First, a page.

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Lockdown Increased Our Use Of Electronic Devices (And Caused A Lot Of Sleep Issues)

Discussion in 'Physiology' started by Mahmoud Abudeif, Jun 13, 2021.

  1. Mahmoud Abudeif

    Mahmoud Abudeif Golden Member

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    From reading an e-book in bed to watching something on Netflix, the COVID-19 lockdown has made a lot of people use electronic devices more than before — especially in the evening. While this may have helped people cope with the isolation, it came at a cost, significantly worsening our sleeping habits.

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    In the countries hit hardest by the virus, the total messaging and the time spent on social networks increased by more than 50%, while the time in video calling increased tenfold. In Italy, for example, during the lockdown, the daily internet traffic volume almost doubled compared to the previous year, with most people spending more time on smartphones and computers than ever before.

    A lot of the time, electronic devices daily usage increased to compensate for the limited social interactions, fill up free time, and ward off boredom. Furthermore, working from home has become the norm for millions of workers worldwide, and 40% of those currently working in the European Union began to telework full-time due to the pandemic (with comparable trends in parts of the US).

    Previous studies showed a strong relationship between the use of electronic devices after sundown and alterations of sleep patterns, with the usage of electronic devices displacing sleep time the more they are used. Moreover, screen-based activities are related to digital engagement, and the activity type plays a role in the digital media effects on sleep.

    Based on this evidence, researchers decided to look at the effects of the larger screen time during the pandemic. They first carried out a survey of 2,123 people during the third and seventh week of Italy’s first national lockdown (March 25th-28th, 2020) and evaluated sleep quality and insomnia symptoms, using the Pittsburgh Sleep Quality Index and the Insomnia Severity Index.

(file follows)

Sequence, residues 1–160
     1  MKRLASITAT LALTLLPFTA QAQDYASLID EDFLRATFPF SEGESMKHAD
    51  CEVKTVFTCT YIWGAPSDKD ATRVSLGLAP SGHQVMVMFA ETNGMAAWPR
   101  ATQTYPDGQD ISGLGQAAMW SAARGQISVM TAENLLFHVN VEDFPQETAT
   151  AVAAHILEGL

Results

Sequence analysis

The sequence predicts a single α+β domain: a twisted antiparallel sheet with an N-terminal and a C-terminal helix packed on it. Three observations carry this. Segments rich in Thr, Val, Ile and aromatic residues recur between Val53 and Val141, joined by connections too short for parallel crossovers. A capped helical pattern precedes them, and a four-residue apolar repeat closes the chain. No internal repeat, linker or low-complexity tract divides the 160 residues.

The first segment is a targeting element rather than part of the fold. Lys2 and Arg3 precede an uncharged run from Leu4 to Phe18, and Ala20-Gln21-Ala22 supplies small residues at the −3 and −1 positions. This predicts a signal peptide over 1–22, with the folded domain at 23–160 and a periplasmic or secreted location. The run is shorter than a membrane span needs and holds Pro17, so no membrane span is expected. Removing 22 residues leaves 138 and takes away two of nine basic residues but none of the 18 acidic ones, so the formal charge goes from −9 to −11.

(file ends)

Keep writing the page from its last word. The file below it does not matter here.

The survey was then followed by a second one with the same group of people in the seventh week of lockdown in Italy (April 21st – 27th, 2020). As well as repeating the sleep questionnaires, the researchers inquired about usage of electronic devices in the two hours before falling asleep, hoping to see an increase in that specific period of the day.

    “The overuse of electronic devices in the hours before sleep was a deeply rooted habit in our society already before the pandemic emergency, in particular among young people. In our opinion, the current period of social distancing added fuel to the fire, Federico Salfi, first author of the study, said in a statement.

    Of the participants surveyed, the researchers found that over 90% of them increased their electronic device usage between the first and second surveys. These participants had a decreased sleep quality, increased insomnia symptoms, shorter total sleep times and later bedtime and rising times. They also found an increased prevalence of poor sleepers.

    At the same time, about 7% of the participants reported a decrease in evening screen time between the first and second survey, and conversely reported improved sleep quality and fewer symptoms of insomnia. These respondents went to bed consistently earlier after four weeks of home confinement, with a decrease in the prevalence of poor sleepers.

    Those who said that their screen time exposure didn’t change during the lockdown had no variation in their sleeping habits. This group had the best sleep quality and fewest insomnia symptoms in the first survey results, which suggests that the lockdown worsened negative sleep conditions for people already suffering from poor sleep quality.

    “The evidence of a strong relationship between screen habits and the time course of sleep disturbances during the lockdown period suggests that, now, more than never, raising public awareness about the risks of evening exposure to electronic devices could be crucial to preserve general sleep health,” Michele Ferrara, co-author, said in a statement.

    The study was published in the journal Sleep.

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